Crypto-asset service providers shall, at all times, have in place prudential safeguards equal to an amount of at least the higher of the following… Article 67(1)

Custodians are mandated to maintain financial resilience through specific minimum capital requirements or a portion of their fixed overheads. These prudential safeguards help ensure operational stability.

Crypto-asset service providers that hold crypto-assets belonging to clients or the means of access to such crypto-assets shall make adequate arrangements to safeguard the ownership rights of clients… Article 70(1)

Custodians have an explicit duty to protect client assets, particularly in the event of insolvency, to prevent clients’ assets from being misused.

Security Obligations and Conflict of Interest

Crypto-asset service providers shall implement and maintain effective policies and procedures, taking into account the scale, the nature and range of crypto-asset services provided, to identify, prevent, manage and disclose conflicts of interest… Article 72(1)

To maintain security and client trust, custodians must have solid policies to handle conflicts of interest. The systems should be scalable and reviewed regularly for effectiveness.

Outsourcing and Third-party Relationships

Crypto-asset service providers that outsource services or activities to third parties for the performance of operational functions shall take all reasonable steps to avoid additional operational risk. Article 73(1)

Custodians must minimize the risks associated with outsourcing custody functions, maintaining ultimate responsibility and ensuring regulatory oversight is not thwarted by outsourced operations.

On-site Security and Data Protection

Crypto-asset service providers that provide the services referred to in Articles 75 to 79 shall have in place a plan that is appropriate to support an orderly wind-down of their activities… Article 74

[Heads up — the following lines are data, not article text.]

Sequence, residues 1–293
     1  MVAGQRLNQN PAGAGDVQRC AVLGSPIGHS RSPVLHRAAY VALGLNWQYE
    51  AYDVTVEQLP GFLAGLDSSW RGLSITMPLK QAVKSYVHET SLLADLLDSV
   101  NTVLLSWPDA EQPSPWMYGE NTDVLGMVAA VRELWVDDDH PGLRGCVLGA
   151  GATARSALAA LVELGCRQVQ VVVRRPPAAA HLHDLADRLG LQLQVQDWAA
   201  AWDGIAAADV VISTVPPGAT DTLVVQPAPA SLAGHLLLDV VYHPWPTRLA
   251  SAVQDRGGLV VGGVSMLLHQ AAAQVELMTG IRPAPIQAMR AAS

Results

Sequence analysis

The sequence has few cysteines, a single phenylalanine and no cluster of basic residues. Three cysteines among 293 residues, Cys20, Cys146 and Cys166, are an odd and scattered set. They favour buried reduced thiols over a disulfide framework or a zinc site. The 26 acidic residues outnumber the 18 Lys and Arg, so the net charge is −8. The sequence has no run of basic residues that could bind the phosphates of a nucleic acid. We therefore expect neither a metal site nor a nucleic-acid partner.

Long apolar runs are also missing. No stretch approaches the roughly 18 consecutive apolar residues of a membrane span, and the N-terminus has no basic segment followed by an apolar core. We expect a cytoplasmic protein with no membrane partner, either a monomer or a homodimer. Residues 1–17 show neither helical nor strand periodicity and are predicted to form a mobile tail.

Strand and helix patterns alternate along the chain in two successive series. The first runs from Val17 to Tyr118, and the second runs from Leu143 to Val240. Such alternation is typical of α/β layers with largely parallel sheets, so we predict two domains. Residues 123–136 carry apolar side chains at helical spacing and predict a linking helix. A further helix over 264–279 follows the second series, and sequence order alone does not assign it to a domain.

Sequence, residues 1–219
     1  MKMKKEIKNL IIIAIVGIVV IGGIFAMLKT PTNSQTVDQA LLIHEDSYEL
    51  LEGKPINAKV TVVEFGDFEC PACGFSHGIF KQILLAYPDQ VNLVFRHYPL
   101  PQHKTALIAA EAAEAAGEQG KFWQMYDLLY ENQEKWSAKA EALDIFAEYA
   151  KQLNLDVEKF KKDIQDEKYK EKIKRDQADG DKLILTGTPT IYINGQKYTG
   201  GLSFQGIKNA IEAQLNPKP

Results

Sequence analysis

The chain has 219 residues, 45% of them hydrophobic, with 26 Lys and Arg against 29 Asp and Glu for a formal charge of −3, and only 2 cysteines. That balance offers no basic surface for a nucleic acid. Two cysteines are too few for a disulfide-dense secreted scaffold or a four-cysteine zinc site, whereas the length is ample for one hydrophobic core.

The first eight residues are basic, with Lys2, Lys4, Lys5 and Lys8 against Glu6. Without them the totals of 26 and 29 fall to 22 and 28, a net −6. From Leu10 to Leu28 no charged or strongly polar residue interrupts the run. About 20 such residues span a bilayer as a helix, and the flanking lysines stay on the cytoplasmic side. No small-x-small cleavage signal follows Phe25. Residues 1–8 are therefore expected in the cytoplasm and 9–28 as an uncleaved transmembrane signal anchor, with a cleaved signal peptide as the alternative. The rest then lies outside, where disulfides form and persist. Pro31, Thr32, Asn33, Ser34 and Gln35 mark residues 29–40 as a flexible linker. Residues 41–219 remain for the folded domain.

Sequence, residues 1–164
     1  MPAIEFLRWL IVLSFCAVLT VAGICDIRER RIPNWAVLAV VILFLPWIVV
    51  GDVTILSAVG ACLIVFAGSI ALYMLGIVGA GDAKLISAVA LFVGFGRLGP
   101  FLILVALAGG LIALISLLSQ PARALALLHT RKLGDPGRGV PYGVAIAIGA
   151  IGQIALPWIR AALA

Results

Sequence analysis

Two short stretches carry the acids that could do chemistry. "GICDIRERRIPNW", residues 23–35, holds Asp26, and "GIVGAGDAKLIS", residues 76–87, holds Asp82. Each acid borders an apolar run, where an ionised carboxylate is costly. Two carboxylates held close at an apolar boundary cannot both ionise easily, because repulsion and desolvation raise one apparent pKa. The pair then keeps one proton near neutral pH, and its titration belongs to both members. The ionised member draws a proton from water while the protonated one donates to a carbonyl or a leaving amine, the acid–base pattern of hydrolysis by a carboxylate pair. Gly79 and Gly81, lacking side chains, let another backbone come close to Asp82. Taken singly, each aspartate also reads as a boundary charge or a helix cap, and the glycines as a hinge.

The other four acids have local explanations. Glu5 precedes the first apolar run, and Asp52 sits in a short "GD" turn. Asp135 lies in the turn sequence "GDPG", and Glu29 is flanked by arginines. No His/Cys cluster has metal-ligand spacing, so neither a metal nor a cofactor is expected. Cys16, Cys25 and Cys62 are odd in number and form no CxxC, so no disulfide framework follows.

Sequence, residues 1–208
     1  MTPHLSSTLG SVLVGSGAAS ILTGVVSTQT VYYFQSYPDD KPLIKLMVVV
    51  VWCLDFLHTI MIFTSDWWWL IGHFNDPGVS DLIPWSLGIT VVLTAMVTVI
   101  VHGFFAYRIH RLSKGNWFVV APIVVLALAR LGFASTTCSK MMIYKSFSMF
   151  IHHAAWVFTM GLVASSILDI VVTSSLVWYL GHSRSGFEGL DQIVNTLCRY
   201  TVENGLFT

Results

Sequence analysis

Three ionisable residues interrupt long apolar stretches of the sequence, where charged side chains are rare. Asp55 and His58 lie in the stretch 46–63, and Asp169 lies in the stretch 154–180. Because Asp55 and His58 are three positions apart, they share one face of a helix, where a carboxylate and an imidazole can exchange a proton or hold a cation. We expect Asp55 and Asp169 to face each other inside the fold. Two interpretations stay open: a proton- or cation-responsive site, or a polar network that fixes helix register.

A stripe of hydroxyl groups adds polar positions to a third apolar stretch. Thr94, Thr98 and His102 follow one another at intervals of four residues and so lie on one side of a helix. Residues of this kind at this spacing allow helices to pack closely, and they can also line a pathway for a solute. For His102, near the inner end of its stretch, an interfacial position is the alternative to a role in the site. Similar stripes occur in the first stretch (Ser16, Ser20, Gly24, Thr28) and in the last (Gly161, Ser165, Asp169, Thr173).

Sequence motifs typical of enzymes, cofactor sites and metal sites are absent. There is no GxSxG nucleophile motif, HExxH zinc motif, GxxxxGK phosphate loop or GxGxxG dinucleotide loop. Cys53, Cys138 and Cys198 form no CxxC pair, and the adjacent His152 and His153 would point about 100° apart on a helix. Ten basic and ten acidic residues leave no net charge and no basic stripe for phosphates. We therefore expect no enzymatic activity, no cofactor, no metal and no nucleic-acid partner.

Custodians need an established plan for an orderly wind-down of activities, indicating foresight in risk management and the protection of clients’ interests in adverse scenarios.

With regard to the processing of personal data within the framework of this Regulation, competent authorities shall carry out their tasks for the purposes of this Regulation in accordance with Regulation (EU) 2016/679. Article 101, first paragraph

When handling personal data, digital asset custodians’ operations must be structured to comply with both the specific demands of MiCA and the broader requirements of GDPR.

In summary, digital asset custodians under MiCA are responsible for the safekeeping of crypto-assets and maintaining a robust operational framework. This includes financial solvency, transparent governance, risk management, meticulous handling of conflicts of interest, and adherence to strict data protection standards. Custodians must be authorized as crypto-asset service providers and comply with a comprehensive set of security measures to ensure the integrity, availability, and confidentiality of the assets they administer.

PDF Repository

We have searched through the PDF repository of draft EBA and ESMA guidelines, draft technical standards, and other documents to provide this supplemental answer.


In addressing the complexities surrounding the operational and security standards for digital asset custodians under MiCA, we present a supplemental overview enriched with related regulatory insights. This comprehensive addendum aims to fortify your grasp of the regulatory environment, emphasizing specific nuances that directly or indirectly influence the custodial responsibilities within the digital asset domain.

Legal trace

Operational Framework Enhancements from Reporting Obligations